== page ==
Waveform diagrams of a sine wave

1) Cycle of source (a sphere) vibration - compression and rarefaction

2) Waveform diagram- amplitude, wavelength (frequency), compression and rarefaction

*If you have not done so already, you may wish to read what is sound? first.*

Because it is difficult to visualise sound, we can employ a diagram to represent the pattern of changing air pressure. These diagrams are called waveform diagrams and they have become the standard way to show frequency and changing amplitude over time in books and software (at the foot of this page are 2 screenshots showing complex waves taken from Logics sample editor page).

NOTE: The diagrams on this page show the waveform of a sine wave.

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When a source expands and contracts absolutely consistently (unfound in nature) it is said to be moving in simple harmonic motion. The wave it produces is known as a sine wave.

The diagrams on this page show a sine wave. We could have used any other wave but a sine wave is nice and simple and makes it easier to show how waveform diagrams work. You can listen to sine waves at different frequencies by clicking on the MP3 audio examples on this page.

NOTE: A single isolated sine wave can only be created by an electronic sound source (an oscillator) which can create and electrical pressure soundwave according to the strict mathematical principals of electronics design. Sine waves are the building blocks of all complex sounds found in nature.

A soundwave of a single

frequency shown at 2

amplitudes, and silence.

The "amount" of compression and rarefaction of the air is the amplitude of the soundwave, the volume or loudness which the ear perceives. As long as the air pressure is changing (rising and falling), sound will be heard.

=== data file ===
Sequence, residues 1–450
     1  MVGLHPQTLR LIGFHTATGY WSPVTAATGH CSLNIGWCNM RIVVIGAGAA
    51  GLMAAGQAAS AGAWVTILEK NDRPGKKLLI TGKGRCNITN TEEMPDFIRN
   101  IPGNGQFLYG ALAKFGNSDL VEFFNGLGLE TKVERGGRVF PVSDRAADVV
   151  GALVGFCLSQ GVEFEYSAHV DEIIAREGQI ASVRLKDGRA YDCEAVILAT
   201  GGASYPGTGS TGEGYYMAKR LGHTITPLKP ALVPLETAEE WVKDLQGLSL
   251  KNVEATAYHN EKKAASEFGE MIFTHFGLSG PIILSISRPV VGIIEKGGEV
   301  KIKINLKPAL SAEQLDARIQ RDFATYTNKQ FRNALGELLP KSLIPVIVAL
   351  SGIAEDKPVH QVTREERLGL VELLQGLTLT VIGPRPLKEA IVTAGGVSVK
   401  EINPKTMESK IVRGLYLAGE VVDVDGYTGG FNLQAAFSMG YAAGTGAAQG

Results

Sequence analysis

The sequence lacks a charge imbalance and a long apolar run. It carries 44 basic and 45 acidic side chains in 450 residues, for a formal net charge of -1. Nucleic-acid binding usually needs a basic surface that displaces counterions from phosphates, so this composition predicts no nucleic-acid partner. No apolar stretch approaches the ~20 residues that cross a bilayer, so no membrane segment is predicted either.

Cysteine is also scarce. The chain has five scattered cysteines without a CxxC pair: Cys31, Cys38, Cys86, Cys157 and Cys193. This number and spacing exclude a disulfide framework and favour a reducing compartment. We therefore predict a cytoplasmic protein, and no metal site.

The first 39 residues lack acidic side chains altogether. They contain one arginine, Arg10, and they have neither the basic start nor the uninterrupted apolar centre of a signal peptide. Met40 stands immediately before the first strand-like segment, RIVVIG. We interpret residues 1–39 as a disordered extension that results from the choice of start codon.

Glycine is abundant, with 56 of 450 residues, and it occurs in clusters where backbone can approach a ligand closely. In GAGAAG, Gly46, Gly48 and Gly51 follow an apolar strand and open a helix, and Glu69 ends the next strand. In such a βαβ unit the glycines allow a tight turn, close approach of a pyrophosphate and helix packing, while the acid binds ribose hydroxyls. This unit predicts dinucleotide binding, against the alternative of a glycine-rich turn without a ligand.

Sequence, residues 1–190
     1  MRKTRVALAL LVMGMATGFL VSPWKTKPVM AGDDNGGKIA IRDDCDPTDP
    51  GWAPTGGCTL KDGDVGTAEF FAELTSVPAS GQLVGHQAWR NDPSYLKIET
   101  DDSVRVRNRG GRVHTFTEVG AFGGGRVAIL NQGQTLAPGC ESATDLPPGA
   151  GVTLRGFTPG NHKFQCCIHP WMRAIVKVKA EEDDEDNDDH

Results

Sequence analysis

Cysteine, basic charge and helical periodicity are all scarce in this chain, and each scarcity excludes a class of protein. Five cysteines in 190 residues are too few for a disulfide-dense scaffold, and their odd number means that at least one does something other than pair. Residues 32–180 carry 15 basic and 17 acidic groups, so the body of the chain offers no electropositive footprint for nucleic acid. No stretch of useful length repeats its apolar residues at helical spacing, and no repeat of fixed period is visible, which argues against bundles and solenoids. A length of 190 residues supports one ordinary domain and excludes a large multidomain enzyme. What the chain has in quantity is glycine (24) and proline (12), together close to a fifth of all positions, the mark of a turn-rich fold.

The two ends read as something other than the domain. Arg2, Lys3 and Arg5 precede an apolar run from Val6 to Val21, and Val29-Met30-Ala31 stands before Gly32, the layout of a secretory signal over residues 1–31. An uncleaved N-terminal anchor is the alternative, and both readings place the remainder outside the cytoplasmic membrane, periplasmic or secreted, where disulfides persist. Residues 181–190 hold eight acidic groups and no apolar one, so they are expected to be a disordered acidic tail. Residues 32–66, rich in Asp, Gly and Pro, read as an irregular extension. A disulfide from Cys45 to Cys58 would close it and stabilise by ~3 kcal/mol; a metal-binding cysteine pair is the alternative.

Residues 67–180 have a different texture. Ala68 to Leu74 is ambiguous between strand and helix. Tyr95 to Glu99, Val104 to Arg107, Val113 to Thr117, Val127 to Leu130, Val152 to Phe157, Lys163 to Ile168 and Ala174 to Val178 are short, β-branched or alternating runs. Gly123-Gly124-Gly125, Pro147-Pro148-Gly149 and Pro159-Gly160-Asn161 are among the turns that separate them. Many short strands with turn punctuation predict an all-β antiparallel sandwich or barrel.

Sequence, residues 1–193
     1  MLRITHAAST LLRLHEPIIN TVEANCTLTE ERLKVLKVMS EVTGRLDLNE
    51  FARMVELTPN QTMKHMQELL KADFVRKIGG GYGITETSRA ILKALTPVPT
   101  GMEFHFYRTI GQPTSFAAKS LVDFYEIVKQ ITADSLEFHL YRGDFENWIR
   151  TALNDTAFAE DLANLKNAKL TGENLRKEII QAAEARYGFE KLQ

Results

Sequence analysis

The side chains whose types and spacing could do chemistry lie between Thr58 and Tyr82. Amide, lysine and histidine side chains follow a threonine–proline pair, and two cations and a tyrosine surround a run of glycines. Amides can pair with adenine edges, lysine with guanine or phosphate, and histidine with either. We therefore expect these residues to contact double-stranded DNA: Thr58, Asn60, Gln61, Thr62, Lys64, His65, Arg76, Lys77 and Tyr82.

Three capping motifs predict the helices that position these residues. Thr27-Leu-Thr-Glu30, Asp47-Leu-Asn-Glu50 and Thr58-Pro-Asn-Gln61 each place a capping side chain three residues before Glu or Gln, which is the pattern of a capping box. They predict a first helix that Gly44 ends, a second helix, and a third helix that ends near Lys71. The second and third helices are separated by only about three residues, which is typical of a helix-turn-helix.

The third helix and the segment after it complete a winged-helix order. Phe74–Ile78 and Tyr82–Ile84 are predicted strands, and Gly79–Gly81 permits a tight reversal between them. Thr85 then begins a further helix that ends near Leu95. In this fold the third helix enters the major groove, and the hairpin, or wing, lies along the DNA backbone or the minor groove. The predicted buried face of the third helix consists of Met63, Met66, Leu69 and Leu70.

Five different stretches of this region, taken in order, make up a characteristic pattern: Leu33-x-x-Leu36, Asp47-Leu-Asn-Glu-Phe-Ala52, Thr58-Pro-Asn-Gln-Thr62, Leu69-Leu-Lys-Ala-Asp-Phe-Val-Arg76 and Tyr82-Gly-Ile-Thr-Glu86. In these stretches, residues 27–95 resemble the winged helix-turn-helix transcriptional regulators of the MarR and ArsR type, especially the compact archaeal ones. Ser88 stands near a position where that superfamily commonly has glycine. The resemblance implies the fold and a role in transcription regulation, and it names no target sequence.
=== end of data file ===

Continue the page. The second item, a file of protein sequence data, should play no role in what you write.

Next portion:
It is critical to note that waveform diagrams show amplitude on a bi-polar axis, and that silence is shown as a flat horizontal line (the horizontal axis).

When a source has expanded and contracted once it is said to have cycled. This is a single vibration.

The physical distance between two adjacent points on a sound wave (from any point on one cycle to the same point on the following cycle) is known as the wavelength and is denoted by the Greek letter lambda. Because a sound source can vibrate at many different speeds this wavelength is variable.

The wavelength of sound at 20 cycles per second (deep bass) is approximately 17 metres. The wavelength of sound at 20,000 cycles per seconds (high treble) is 1.7 cm. Wavelength is critical to understanding of how sound behaves when it encounters a physical obstruction. (See transmission, reflection and absorption later).

The speed at which the source vibrates is known as the frequency of the soundwave and is expressed in hertz (Hz) or cycles per second (cps). 1000 hertz = 1 kilohertz (kHz).

Humans can hear frequencies between 20Hz and 20KHz. This is known as the audio spectrum.

Waveform digrams are the standard way to visualise soundwaves in audio software.

Read about complex waveforms next.

Screenshots from a the Logic sample editor window

1) A single snare hit

2) A vocal recording (1 bar)